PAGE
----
The Wright Perspective℠
Social Commentary from the C-Suite to Main Street℠
A Blog by Gary Wright II
No Good Deed = A "No Good" Deed
Wednesday, December 28th, 2011
It only takes a small group of like-minded people to do great things. Before many of you were born, a small group of business leaders in north Georgia did a great thing for the Cherokee people. A large swath of land was put up for sale and although they didn't know how sacred the land was, they knew it held great importance to the Cherokees. That land was the site of New Echota, which I consider to be the most historic site in Cherokee history. It is the exact spot where the Cherokee nation split in half and was the start of the Trail of Tears. The group transferred the land to the State of Georgia who officially made it a historic site.
No good deed goes unpunished and it didn't take very long for greed to take hold of people and ruin it. A lady heard about the historic land and so she bought up all of the land around it. Her plan was to sell the land to the state and turn a healthy profit on the deal. What she didn't know is the state by law can't purchase land at an amount greater than the appraised value. When I first heard about the story a decade ago, I called her just to see what it would take to get her to give up the land. I didn't mention the Cherokee sites and told her I wanted to build a home to get away from the busy city of Atlanta. She lowered her asking price to $37,000 an acre, which is ridiculous for the area. I guess she was still trying to make up for her losses. Eventually, the land was turned into a subdivision and there is no telling what Cherokee artifacts were destroyed in the process. The "hidden" New Echota cemetery used to be connected to the historic site of New Echota, but houses have sprung up around it and the two are now separated.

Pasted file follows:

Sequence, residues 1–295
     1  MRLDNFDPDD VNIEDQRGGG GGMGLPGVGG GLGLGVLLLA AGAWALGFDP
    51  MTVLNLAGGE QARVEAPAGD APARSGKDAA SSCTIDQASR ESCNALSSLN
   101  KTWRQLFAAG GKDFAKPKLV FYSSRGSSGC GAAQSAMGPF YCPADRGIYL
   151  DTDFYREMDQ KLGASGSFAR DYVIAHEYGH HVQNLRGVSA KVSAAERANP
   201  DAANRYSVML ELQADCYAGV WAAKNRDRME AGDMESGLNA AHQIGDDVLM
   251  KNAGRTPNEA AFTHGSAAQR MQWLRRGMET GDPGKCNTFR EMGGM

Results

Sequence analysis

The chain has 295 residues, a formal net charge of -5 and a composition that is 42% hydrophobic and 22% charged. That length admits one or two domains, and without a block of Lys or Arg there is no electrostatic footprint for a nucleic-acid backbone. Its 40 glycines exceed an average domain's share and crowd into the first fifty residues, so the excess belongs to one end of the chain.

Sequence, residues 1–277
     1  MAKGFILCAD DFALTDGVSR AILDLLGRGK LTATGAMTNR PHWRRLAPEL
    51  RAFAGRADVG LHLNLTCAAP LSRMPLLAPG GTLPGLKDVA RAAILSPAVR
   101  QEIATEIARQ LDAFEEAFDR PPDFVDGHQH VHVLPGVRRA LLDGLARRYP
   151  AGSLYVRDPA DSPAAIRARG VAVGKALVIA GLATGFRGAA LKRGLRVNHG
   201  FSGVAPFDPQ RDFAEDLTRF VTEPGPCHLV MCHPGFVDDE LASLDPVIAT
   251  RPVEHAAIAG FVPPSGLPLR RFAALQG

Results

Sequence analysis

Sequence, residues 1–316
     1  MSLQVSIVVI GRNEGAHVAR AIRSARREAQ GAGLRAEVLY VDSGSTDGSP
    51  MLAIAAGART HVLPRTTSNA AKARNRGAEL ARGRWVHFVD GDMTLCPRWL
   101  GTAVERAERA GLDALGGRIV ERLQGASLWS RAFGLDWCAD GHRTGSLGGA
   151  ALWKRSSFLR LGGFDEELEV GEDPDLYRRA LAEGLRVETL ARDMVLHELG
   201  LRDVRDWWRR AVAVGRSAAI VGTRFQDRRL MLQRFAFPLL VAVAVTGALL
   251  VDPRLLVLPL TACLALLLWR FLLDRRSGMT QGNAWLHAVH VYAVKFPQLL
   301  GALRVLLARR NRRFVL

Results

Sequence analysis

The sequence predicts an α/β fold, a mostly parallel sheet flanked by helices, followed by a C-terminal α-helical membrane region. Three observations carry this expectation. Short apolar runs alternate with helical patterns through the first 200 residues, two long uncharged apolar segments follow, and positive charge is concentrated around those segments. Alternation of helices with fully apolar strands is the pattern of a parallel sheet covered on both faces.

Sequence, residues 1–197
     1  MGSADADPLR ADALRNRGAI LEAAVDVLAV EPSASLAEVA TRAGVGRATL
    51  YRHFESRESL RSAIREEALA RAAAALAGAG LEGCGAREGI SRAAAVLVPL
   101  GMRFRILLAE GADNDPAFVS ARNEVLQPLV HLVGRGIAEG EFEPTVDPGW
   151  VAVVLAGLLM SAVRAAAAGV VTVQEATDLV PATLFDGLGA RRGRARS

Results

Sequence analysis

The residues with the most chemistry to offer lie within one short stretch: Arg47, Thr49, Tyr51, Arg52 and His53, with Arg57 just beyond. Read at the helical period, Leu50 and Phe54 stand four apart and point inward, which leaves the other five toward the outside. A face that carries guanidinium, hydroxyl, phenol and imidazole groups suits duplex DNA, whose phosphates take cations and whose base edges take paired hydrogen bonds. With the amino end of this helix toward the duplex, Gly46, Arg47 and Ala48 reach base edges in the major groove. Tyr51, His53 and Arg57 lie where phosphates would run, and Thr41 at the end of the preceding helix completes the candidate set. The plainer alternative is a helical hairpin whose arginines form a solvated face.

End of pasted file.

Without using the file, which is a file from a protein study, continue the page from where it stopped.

A few days ago, I mentioned how a little Cherokee knowledge exposed several fake psychics. I'm going to save that story for another day, but the secret is connected to the story I just told you about the history of the land.
-- Gary Wright II